Photo: Itzhak Rabin Junior High School,
            Rishon LeZion


Basically, around 1974 I developed the philosophy: “Minimum wage; minimum effort”. It has always served me well, especially in Israel. Unfortunately, I recently acquired a gun license and no longer was receiving the minimum wage. After a resident of Rishon was killed about two months ago, I agreed to make the extra effort and  travel 2 hours each day to guard a junior high school there.


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It wasn't too long when it began to become very obvious, even with the recent events in Tel Aviv, that, statistically speaking, the real and ever present danger to the students of Rishon LeZion is: “traffic accidents” and especially: “accidents on electric bicycles”.



If you take the total number of children killed or hurt this last year by terrorist and compare that to the number killed or hurt in traffic accidents then you can easily see there is no comparison as far as to the true danger to the community. Even if we compare the number of bicycle accidents on Yom Kippur alone to the total attacks by terrorists, the numbers still confirm this conclusion.

So: What’s the problem?

The problem is that laws concerning electric bicycles are already in place, they are just not enforced!!! That anyone on a bicycle MUST wear a helmet has been law in Israel for over 20 years (It should be added here that maybe the students don't wear helmets, but many of them do wear stereo headphones while they are riding...)

The issues are well known. Here is a link from an article that recently appeared in the Jerusalem Post:

http://www.jpost.com/Israel-News/Israel-Police-recommend-new-regulations-on-electric-bikes-after-uptick-in-injuries-405409

 

In addition to the regulations concerning helmets, it is also against the law for anyone under the age of 14 to ride an electric bicycle in Israel (i.e. anyone who is not in grade level: “tet” is usually not 14 years of age).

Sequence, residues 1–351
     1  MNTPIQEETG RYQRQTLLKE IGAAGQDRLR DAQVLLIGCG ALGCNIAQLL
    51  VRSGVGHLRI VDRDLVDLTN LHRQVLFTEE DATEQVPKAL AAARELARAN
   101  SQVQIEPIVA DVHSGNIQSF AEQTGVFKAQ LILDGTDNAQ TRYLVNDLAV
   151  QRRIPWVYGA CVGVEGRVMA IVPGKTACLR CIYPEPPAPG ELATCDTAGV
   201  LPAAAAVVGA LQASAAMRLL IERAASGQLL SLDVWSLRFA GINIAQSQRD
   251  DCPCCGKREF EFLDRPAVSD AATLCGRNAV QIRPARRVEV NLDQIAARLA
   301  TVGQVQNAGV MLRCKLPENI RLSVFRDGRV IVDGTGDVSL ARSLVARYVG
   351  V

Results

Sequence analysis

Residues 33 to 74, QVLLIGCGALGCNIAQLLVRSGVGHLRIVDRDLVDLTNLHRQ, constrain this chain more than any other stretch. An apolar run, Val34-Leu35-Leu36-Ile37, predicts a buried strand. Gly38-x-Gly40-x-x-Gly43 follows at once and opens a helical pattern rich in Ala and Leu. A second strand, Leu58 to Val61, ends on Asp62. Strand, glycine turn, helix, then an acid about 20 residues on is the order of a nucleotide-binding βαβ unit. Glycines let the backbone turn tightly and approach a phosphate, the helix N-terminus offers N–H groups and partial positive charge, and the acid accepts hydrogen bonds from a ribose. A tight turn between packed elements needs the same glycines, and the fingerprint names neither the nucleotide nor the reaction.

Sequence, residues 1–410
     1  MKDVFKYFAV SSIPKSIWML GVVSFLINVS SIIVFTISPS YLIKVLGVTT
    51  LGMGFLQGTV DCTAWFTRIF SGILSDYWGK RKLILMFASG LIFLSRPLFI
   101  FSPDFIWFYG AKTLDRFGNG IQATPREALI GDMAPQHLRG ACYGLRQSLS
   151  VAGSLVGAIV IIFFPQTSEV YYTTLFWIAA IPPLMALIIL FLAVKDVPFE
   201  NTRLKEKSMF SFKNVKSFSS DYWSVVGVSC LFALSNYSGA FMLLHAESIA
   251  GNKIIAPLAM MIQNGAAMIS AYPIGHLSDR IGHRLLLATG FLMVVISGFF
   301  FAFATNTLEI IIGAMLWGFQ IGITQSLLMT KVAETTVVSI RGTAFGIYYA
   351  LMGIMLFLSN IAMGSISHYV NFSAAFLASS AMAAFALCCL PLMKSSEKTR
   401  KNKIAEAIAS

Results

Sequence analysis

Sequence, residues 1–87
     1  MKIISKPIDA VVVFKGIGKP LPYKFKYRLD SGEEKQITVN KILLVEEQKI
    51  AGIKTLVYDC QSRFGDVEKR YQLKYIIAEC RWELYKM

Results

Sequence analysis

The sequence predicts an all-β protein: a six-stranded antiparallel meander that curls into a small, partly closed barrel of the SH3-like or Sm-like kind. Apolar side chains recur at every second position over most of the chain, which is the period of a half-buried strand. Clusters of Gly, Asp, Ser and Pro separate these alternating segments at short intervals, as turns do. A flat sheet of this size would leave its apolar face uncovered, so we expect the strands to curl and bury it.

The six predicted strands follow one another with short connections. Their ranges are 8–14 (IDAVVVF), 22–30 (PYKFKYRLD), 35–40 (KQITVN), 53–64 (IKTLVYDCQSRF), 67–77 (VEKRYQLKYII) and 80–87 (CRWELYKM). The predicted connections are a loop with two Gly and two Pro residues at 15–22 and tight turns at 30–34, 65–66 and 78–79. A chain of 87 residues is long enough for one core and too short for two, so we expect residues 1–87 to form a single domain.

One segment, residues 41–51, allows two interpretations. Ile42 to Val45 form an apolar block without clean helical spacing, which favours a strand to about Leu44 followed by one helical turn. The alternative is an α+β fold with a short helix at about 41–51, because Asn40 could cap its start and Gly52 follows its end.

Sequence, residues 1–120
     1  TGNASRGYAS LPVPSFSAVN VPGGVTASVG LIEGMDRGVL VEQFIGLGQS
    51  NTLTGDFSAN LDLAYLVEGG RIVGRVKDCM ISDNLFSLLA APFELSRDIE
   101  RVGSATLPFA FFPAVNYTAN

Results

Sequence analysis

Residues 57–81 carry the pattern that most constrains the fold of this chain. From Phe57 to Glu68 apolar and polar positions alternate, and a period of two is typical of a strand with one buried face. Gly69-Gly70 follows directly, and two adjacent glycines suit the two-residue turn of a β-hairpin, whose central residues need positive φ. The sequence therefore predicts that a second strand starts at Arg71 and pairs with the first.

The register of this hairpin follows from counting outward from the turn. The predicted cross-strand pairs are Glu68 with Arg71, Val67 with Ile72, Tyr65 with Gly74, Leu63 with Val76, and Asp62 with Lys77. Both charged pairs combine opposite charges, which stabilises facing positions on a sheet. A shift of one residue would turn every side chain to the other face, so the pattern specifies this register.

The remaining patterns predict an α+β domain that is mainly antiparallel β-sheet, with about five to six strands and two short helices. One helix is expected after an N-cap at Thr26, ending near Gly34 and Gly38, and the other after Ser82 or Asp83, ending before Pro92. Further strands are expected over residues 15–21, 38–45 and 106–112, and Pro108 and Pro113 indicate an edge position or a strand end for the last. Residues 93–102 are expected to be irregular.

Please see this second article from the Jerusalem Post:

http://www.jpost.com/Enviro-Tech/Regulations-for-electric-bicycles-to-take-effect-September-1-368537   


 
An amusing aspect of this "enforcement" issue is that my school does aggressively enforce the regulation dress code of the Ministry of Education; insisting that each student wear the official school shirt with its logo. That 40 or so students break Israeli law by not wearing helmets passes by with no comment what so ever. That over halve of these students break a 2nd law because they are under 14 years of age also elicits no response what so ever... (As far as I know, no student has ever been hospitalized because the shirt he was wearing didn't have the school's logo...)

Recently at Itzhak Rabin Junior High one of the students broke his arm on the way home. This morning, while I was writing this article, one of them crashed into the gate. There is no question most students are larger than they were in the past, nevertheless, some of the girls in our school are smaller than average and weigh only 30 kilos or so. On the other side of the scale, among the boys riding bikes to school, quite a few of them weigh 60 kilos or more. In the United States I played a lot of contact sports and I can tell you: If a 60 kilo body, traveling 30 kilometers an hour, strikes a 30 kilo body, the results will not be pretty: broken bones, broken teeth and/or a concussion are all within the realm of possibilities….

In conclusion: yesterday I opened a file with the Israeli police in Rishon LeZion: File no. 15192/2016. I explained everything  quite clearly to Sergeant Yevgeny Kliman and he agreed, without reservation, that it was a serious problem and should be looked into by the police. In addition, this morning I spoke to the municipality’s district school inspector and she too promised to send people to: “check out the situation”.

Naturally, I will be sending a registered letter to the Mayor of Rishon LeZion: Dov Tzur with a copy of this article and the police file….I will also be sending a copy to Minister of Education: Naftali Bennett.....

So, let’s see what happens…..         

 

P.S. While I totally agree that the parents see their children leaving for school each day without helmets, nevertheless, it is the responsibility of the municipality and the police to enforce the laws, not the mothers and fathers….

They say: "Nothing is taken seriously in Israel until someone is killed". Let's all hope that will not be the case this time.....



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